Marco Rubio Can't Avoid Protesters Forever
As Republican lawmakers across the country face angry voters at town halls, Florida Sen. Marco Rubio has figured out a way to avoid a messy confrontation with his constituents: Don't go to town hall meetings. After missing one such forum in his state earlier in the week, the Miami New Times reported that the Florida Senator will skip out on another town hall on Thursday evening. A labor organizer tracked Rubio down at Jackson Memorial Hospital and asked him if he planned to host any town halls. In response, Rubio fled the protester and didn't answer the question. The whole exchange was captured on video.
"Are you going to host a town hall?" the protester — a local labor organizer who asked that the Times not identify him — asked the senator. Rubio didn't respond, and kept right on walking, so the protester repeated himself.
"Good to see you, man," Rubio said, flashing a thumbs up and continuing on his way. The labor organizer repeated the question a few more times, and reminded Rubio that "there's a constituent town hall today." Rubio kept ignoring him, the protester kept asking the question, and thus the cycle repeated until Rubio was out of sight.
February hasn't been a very good month for Republican members of Congress. Ever since President Trump and party leadership made it clear that they do indeed intend to repeal the Affordable Care Act, scores of GOP lawmakers have been confronted by furious constituents at town hall meetings. Some Republicans, such as Rep. Jason Chaffetz, have also been confronted about their unwavering, seemingly non-negotiable support for President Trump. Many of these encounters have been caught on camera.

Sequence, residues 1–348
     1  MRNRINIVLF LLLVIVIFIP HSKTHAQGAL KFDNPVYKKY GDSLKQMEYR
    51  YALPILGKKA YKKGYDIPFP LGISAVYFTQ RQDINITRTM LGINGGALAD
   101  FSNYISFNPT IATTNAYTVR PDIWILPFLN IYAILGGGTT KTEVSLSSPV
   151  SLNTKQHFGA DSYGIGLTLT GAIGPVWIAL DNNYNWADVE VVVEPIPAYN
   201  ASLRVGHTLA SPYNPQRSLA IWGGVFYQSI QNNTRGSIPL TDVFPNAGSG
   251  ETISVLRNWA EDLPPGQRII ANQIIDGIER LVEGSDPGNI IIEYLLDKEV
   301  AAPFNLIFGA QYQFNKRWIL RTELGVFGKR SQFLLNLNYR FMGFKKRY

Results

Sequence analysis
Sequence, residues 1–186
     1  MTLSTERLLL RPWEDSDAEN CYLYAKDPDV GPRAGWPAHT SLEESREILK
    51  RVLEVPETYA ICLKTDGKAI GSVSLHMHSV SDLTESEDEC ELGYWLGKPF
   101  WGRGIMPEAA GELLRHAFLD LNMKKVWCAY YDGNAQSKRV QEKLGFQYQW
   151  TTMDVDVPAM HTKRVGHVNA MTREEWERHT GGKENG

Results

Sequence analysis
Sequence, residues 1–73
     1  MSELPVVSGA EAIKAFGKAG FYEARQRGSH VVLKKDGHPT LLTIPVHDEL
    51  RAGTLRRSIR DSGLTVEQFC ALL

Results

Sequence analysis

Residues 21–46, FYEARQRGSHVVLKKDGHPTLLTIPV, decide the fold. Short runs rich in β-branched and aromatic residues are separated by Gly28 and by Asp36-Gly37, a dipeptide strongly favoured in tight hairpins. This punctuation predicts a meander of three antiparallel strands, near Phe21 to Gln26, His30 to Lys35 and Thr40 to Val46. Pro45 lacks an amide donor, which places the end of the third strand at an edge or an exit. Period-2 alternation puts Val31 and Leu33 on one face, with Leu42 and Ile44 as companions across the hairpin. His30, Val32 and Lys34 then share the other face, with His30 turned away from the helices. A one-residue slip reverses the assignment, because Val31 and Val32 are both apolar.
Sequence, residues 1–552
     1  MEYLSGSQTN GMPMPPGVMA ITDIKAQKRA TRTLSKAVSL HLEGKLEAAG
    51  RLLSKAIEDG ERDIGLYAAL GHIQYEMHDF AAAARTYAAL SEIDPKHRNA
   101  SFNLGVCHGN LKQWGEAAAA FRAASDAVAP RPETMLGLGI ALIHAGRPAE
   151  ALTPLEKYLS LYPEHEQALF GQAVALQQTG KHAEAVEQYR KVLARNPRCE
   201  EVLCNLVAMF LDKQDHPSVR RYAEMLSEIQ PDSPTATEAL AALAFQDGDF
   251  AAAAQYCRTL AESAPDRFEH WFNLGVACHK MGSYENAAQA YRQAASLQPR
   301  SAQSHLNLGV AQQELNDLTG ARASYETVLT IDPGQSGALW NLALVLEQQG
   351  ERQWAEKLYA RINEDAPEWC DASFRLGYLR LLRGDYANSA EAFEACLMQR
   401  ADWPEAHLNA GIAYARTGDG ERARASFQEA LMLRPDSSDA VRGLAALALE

This is, of course, democracy in action: Constituents elect someone to represent them in Congress, and if they become unhappy with what their representative is doing, they let him or her know about it. However, a good number of GOP lawmakers have responded to these voters not by reconsidering their positions, but by denying that the protesters at their town halls were constituents to begin with, and insisting without evidence that they're actually paid agitators. When "representatives" dismiss any constituent who disagrees with them, that raises the question of who, exactly, they're representing.
Protesters later tracked Rubio down at Florida International University, where he'd been teaching a class — and to his credit, he did stick around for 12 or so minutes, engaging the protesters in a substantive back-and-forth about health care policy. Although Rubio doesn't deserve any awards for this — it's the bare minimum he could do as a U.S. Senator — at least he didn't run away from his constituents and avoid the question. That's sort of a good thing, right?